A Wild Wolf Weekend in the Wallowas

By Phillip Brown

What is now the northeast corner of Oregon has been a confluence of natural wonders since long before it was called Wallowa County. The Wallowa Mountains, themselves once home to coral reefs and later shaped by massive glaciers, stand tall above Hell’s Canyon, the deepest river-carved gorge in North America. The Zumwalt Prairie, one of the most intact grassland prairies in the United States, lies nearly encircled by the Wallowa-Whitman National Forest including the iconic Eagle Cap Wilderness and unprotected areas just as wild.
In recent years, Wallowa County has become home to another intriguing contrast as the once-extirpated gray wolf (Canis lupis) returns to its former homeland, within howling distance of the introduced livestock, ranchers, retirees, artists, loggers, tree-huggers, and all of the others who now call Oregon home.

To increase awareness and understanding of these carnivores-come-home – and the issues that surround them - Oregon Wild recently led the sixth annual Wolf Rendezvous, a four-day outdoor excursion just outside of Joseph, Oregon.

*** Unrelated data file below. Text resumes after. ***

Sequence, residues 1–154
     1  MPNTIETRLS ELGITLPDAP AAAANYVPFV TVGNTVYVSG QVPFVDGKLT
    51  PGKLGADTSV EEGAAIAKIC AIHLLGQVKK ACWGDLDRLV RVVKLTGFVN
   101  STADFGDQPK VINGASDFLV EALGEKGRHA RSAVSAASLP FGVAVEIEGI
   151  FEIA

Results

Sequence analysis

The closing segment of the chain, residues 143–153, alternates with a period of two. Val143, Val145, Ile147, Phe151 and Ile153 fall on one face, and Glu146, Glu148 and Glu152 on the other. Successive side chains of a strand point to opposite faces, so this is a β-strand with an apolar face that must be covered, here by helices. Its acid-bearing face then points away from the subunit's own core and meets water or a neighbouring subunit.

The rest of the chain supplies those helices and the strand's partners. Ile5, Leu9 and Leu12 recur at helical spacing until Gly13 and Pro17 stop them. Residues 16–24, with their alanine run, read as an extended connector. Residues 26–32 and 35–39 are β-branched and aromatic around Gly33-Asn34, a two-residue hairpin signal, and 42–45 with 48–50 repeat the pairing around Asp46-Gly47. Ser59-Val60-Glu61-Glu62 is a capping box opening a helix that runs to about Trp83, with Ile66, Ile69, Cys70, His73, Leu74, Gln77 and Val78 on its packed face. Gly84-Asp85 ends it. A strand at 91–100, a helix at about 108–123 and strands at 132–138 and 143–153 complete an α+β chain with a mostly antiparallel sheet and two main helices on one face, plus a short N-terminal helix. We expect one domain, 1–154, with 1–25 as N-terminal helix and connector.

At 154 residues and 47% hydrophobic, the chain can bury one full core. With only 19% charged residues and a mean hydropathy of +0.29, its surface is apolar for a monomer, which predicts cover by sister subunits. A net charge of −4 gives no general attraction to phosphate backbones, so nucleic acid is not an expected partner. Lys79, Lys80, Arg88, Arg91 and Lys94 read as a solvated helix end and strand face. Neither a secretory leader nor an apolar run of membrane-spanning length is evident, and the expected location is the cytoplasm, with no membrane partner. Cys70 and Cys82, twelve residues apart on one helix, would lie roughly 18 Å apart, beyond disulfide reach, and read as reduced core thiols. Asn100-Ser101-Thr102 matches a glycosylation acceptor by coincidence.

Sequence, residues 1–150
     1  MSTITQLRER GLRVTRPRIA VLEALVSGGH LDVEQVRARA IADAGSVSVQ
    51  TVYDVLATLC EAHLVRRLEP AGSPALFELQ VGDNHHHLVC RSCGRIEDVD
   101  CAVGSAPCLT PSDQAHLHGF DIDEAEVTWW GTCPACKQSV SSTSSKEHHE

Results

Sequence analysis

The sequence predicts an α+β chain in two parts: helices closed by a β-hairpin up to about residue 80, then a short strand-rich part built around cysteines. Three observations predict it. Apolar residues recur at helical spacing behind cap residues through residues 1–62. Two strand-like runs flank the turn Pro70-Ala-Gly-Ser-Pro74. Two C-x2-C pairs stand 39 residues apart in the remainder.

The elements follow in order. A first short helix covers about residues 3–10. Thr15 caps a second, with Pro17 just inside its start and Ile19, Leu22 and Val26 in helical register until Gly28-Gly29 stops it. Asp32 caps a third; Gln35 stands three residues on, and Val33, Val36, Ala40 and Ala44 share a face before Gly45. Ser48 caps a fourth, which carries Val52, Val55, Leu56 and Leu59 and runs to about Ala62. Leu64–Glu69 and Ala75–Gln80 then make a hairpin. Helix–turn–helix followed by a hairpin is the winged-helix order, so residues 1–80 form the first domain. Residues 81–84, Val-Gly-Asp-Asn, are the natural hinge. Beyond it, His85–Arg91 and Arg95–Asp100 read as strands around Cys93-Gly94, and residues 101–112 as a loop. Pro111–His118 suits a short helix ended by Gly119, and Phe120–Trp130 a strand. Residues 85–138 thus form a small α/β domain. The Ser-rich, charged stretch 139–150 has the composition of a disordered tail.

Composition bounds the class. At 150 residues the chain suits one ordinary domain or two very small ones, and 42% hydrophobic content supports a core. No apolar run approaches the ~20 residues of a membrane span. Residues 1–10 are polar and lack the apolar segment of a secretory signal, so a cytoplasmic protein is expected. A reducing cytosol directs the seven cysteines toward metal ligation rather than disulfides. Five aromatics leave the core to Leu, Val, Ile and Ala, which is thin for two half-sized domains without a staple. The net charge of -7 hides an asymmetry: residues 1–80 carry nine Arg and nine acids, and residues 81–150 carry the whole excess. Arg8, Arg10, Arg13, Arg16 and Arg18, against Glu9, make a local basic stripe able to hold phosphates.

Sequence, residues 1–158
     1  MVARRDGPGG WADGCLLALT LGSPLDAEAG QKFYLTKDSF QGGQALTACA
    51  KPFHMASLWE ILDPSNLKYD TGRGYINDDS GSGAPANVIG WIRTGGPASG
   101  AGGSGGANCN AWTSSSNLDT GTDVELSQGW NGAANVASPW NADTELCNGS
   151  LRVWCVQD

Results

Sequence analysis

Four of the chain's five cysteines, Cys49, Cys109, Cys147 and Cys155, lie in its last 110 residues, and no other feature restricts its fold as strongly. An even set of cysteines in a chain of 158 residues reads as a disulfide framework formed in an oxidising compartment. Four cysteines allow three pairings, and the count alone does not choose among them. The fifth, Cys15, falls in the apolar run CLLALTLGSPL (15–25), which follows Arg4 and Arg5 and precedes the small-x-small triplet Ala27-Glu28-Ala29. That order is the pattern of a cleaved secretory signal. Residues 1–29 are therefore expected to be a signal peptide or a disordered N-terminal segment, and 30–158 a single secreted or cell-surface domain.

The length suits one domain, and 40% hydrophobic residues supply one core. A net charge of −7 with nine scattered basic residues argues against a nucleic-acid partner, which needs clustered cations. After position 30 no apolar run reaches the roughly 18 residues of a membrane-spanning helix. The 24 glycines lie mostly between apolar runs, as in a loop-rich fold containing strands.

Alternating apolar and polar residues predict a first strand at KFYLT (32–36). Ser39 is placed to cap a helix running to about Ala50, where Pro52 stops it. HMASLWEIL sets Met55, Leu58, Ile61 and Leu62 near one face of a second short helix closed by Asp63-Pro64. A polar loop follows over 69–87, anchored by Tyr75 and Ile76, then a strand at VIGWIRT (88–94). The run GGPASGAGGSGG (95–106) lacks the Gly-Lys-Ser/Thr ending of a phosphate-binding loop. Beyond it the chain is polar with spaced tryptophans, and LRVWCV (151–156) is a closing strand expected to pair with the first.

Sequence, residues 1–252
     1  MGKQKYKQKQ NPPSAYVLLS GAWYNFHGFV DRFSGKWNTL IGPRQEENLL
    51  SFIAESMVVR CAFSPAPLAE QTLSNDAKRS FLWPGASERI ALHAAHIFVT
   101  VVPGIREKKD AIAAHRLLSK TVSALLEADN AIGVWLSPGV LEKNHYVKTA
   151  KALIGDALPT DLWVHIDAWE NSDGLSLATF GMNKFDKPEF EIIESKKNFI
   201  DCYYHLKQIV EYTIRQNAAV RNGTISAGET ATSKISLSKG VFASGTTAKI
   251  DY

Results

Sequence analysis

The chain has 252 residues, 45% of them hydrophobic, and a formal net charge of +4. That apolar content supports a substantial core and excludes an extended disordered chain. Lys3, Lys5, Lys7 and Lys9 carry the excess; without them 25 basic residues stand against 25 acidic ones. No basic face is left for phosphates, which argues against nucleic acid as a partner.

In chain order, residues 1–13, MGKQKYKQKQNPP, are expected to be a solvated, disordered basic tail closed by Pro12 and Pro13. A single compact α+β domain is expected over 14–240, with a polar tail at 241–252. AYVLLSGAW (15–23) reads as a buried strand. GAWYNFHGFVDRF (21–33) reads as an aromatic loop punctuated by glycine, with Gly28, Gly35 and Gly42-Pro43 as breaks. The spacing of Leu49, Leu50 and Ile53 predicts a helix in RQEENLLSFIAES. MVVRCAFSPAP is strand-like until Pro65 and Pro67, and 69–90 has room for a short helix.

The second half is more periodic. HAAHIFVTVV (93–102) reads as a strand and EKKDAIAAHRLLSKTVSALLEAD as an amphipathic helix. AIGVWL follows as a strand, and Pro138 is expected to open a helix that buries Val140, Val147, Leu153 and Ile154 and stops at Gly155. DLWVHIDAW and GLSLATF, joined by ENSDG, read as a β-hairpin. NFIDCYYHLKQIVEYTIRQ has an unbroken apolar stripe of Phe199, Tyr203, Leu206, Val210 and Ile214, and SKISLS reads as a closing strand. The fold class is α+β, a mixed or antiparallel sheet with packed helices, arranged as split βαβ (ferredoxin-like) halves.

The first real introduction those of us on the rendezvous had to wolves was from a retired biologist who had studied wolves during the first years of their return to Idaho. His area of expertise was the interaction between wolves and other carnivores, such as cougars – something that Oregon’s Department of Fish and Wildlife is currently investigating itself.

Can you identify the skulls? (Danica Swenson)

In addition to learning about differences in behavior, seeing and handling preserved skulls from wolves, cougars, and coyotes illustrated just how different wolves are from their fellow predators.